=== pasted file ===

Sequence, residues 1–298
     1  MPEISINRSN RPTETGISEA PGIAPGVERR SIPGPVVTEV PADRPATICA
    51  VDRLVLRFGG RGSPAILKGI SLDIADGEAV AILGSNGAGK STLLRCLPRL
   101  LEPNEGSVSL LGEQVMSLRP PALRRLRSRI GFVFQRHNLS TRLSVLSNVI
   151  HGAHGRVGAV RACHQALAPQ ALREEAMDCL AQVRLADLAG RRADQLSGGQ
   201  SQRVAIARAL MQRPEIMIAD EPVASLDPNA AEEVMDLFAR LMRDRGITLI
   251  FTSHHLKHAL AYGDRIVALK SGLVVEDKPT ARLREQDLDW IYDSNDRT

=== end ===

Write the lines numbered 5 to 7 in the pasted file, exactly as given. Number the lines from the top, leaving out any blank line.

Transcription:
   151  HGAHGRVGAV RACHQALAPQ ALREEAMDCL AQVRLADLAG RRADQLSGGQ
   201  SQRVAIARAL MQRPEIMIAD EPVASLDPNA AEEVMDLFAR LMRDRGITLI
   251  FTSHHLKHAL AYGDRIVALK SGLVVEDKPT ARLREQDLDW IYDSNDRT